The inventions and ideas of many mathematicians and scientist led to the development of the computer. Today, computers can handle vast amounts of facts and figures and solve complicated problems at incredibly high speeds. Computers are used in many walks of life; business and industry; government and law enforcement; the military; engineering; the sciences; the fine arts; manufacturing sales and service repairs, they are also used in schools.
In the 1960s, mathematician Patrick Suppes began work to adapt the computer to a new task. He believed that computers could be programmed to teach children skills in such schools subjects as English and Mathematics.
By the mid – 1970s, it was the beginning to look as if the computer had been just another educational fad. Around that time, however, a little-noticed revolution was beginning. Chips, similar to the ones control handheld calculators had become quite cheap and readily available.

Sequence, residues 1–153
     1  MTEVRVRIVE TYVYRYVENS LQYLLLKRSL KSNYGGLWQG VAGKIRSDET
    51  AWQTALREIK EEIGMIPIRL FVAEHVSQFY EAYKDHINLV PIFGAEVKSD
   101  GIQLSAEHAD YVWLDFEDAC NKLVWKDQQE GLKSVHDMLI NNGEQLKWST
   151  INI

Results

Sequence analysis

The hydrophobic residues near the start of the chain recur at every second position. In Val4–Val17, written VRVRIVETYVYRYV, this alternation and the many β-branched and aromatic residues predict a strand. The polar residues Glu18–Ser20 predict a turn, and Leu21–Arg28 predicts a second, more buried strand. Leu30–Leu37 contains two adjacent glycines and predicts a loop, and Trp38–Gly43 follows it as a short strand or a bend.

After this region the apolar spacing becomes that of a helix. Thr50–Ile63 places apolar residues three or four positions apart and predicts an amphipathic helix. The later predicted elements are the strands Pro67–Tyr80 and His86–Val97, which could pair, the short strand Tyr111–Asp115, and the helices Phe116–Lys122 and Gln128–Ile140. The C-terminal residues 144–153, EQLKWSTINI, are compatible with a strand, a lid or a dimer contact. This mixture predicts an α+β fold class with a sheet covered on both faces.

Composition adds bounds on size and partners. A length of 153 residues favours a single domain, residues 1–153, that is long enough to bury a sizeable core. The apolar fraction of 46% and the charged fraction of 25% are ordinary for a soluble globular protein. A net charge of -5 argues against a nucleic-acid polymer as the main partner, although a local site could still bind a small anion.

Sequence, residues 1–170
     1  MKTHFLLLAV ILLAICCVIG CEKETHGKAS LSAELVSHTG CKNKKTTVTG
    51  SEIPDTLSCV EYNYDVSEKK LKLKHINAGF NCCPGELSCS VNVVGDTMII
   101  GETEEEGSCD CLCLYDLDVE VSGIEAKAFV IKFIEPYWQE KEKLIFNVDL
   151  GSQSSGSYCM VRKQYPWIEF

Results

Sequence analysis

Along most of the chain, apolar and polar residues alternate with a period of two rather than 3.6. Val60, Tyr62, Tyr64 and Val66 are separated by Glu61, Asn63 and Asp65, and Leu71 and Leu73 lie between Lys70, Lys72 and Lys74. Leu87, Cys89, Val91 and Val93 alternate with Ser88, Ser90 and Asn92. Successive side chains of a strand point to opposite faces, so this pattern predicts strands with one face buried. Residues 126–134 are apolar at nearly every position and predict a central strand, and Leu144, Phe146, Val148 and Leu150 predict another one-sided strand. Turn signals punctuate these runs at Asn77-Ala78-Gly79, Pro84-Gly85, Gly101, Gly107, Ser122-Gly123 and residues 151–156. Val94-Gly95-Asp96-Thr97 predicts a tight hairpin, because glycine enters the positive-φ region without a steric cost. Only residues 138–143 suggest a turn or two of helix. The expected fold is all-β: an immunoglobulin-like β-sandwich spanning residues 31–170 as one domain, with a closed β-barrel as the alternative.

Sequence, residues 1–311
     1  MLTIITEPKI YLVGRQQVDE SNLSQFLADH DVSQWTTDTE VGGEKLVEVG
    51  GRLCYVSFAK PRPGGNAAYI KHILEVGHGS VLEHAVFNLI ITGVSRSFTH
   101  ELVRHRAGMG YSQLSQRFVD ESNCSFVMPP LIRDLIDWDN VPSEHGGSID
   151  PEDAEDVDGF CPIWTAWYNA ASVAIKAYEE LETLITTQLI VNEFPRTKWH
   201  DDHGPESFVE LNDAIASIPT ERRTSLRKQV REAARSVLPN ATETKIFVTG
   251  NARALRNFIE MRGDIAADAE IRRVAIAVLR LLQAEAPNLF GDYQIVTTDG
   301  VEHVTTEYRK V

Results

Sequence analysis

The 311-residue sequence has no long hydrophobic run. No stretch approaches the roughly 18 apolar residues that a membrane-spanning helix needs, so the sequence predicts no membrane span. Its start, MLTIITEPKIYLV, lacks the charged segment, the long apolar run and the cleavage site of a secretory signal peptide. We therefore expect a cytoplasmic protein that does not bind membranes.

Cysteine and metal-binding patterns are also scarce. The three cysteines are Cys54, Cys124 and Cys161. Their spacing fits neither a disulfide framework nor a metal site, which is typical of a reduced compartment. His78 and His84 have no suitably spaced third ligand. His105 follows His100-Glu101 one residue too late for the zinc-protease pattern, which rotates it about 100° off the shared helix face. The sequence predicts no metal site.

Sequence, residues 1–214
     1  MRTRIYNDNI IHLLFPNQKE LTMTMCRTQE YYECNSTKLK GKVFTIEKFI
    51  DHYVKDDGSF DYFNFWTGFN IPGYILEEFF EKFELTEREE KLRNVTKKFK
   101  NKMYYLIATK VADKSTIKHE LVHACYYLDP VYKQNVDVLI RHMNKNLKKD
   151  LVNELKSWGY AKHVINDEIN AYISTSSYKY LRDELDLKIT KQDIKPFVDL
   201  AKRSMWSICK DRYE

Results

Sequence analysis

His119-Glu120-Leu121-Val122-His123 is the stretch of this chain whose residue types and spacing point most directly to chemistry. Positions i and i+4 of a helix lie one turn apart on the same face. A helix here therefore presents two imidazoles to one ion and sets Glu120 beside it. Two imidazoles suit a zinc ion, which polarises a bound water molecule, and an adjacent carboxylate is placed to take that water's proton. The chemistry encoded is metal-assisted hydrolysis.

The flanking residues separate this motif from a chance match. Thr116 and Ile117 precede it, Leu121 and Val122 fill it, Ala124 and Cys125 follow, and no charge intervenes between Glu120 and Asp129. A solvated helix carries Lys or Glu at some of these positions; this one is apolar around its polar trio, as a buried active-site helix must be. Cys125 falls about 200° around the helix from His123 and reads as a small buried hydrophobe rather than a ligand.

Digital computers solve problems and do other tasks by counting, comparing and rearranging digits in arithmetic/logic unit. Digital computers vary widely in size. Microcomputers is a small computer system that can arrange from desk-top size to pocket size, they are also called as personal computers. Although digital computers differ greatly in size they all have five basic parts: input equipment, main memory, the control unit, arithmetic/logic unit, output equipment.
All data handled by digital computers, including words, are in form of digits. But the computers use only the two digits of binary number system – that is, 0 and 1. Different combinations of 0’s and 1’s represent letters and the various decimal numerals.